Want to work while you are in Canada? Here is how!
Canada, over the past few years, has seen an abundance of international students coming in from around the world and has provided various work opportunities to both, students and working professionals. In fact, many people who arrived as students chose to settle down permanently in Canada.
Working as a student
Working part-time while studying can be a great way to sustain your cost of living in Canada and also helps to gain work experience in your field of study.
As an international student in Canada, you can work along with your studies, provided you:
- Have a verified study permit and are a full-time student
- Are studying for either a degree, diploma or certificate course
- Have a Social Insurance Number (SIN)
Then you can:
- Work up to 20 hours per week during regular academic sessions, and
- Work full-time during scheduled breaks, such as the winter and summer holidays or spring break.
For students, employment can be on-campus and off-campus.
On-campus means being a working resource on your college/university campus itself. You can work on-campus without a work permit if you have a valid study permit, or are a full-time student at:
- A public post-secondary institution, such as a college or university, or a collège d’enseignement général et professionnel (CEGEP) in Quebec
- A private post-secondary institution that operates under the same rules and regulations as a public institution, and receives at least 50 per cent of its financing for its overall operations from government grants (currently only private college-level educational institutions in Quebec qualify)
- A Canadian private institution authorised by provincial statute to confer degrees.
Some options for working on-campus are:
- Research Assistant or teaching staff (depends on research grants)
- In student organisations to uplift segments like sports, entertainment, etc.
- In the library or a hospital
- Be self-employed or start a private business, including taking up a contract to provide on-campus services
Off-campus implies an area outside of your campus premises. For this you can consider:
- Paid work: Opportunities include working in cafés, bars, restaurants and hotels, farming or fruit picking, or sales and administration roles.
- Tutoring: If you have existing qualifications or professional work experience, you might be able to get casual or part-time work in your field.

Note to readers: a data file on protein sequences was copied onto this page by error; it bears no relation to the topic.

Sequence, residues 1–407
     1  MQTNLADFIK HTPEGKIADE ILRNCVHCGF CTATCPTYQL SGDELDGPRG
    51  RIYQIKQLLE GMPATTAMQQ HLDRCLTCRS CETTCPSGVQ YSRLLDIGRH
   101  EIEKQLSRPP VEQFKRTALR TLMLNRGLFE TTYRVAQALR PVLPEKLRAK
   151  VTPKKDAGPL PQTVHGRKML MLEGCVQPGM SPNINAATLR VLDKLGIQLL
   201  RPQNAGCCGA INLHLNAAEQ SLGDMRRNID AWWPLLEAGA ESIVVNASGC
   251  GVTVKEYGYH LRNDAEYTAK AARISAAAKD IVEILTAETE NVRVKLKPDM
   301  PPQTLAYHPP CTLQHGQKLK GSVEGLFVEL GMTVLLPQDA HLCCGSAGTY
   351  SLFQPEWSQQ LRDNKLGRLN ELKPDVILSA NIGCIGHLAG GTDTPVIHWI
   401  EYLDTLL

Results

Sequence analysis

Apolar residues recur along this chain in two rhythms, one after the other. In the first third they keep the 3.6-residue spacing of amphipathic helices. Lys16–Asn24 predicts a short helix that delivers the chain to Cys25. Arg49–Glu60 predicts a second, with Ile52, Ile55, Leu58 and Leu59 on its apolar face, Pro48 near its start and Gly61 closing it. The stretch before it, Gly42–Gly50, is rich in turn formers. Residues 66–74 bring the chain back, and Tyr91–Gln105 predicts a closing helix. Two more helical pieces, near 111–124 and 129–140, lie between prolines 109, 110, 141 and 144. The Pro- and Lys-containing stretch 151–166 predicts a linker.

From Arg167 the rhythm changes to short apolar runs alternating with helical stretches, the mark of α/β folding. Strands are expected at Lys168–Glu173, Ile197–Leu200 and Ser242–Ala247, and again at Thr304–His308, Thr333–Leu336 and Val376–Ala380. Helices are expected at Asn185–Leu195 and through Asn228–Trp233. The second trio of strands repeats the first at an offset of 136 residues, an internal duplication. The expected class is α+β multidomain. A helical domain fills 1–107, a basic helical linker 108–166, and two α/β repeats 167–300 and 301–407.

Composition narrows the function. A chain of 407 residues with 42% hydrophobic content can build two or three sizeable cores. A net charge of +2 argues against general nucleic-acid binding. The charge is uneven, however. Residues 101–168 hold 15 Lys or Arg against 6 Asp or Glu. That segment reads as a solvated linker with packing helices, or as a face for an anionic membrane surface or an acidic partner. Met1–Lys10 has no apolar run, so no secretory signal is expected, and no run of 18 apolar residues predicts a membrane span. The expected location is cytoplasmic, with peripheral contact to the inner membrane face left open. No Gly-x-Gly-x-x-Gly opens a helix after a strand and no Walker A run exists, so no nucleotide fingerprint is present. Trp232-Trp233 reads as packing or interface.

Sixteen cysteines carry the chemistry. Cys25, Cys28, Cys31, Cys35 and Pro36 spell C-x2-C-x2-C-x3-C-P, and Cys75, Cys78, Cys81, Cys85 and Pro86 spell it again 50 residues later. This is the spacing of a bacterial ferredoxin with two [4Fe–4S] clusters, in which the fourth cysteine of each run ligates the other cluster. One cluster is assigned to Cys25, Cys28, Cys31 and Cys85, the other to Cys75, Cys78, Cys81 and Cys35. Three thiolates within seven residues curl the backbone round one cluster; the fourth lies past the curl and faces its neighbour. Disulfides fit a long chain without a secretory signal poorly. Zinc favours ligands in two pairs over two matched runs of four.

- Internships: Paid or unpaid internships can be a great way to get exposure to professional, financial and creative industries.
- Volunteering: There are many charities and non-government organisations (NGOs) in Canada and they always need volunteers to help out. It can be a great way to meet friends, get some hands-on work experience and give back to the community.
Your social insurance number
You will need a Social Insurance Number (SIN) from Service Canada in order to work in Canada or receive benefits and services from government programs.
To apply for a SIN for on-campus work, you must have one of the following conditions or remarks printed on your study permit:
- May accept employment on the campus of the institution at which registered in full-time studies.
- May accept employment on or off campus if meeting eligibility criteria as per R186 (f), (v) or (w). Must cease working if no longer meeting these criteria.
If your study permit does not have one of these conditions or remarks, you will need to submit a free request for an amendment to your study permit before you can apply for a SIN.
Working after you graduate
A work permit is necessary for working in Canada after completing your studies. One of the most widely accepted is Post-Graduation Work Permit Program (PWPP) and comes in handy if you apply to become a permanent resident of Canada later.
PWPP work permits are valid for the same length of time of your initial study programmes (up to a maximum of three years) and let you work in any occupation, as well as change employers at any time.
To be eligible for PWPP, you must have graduated from a Designated Learning Institute (DLI). Since not all programmes from DLIs fulfil the eligibility criterion, ensure you check it beforehand. You must apply for the PWPP within 90 days of receiving written confirmation that you’ve completed your academic program.
If you need guidance to look for an employment in Canada, speak with us for a free counselling session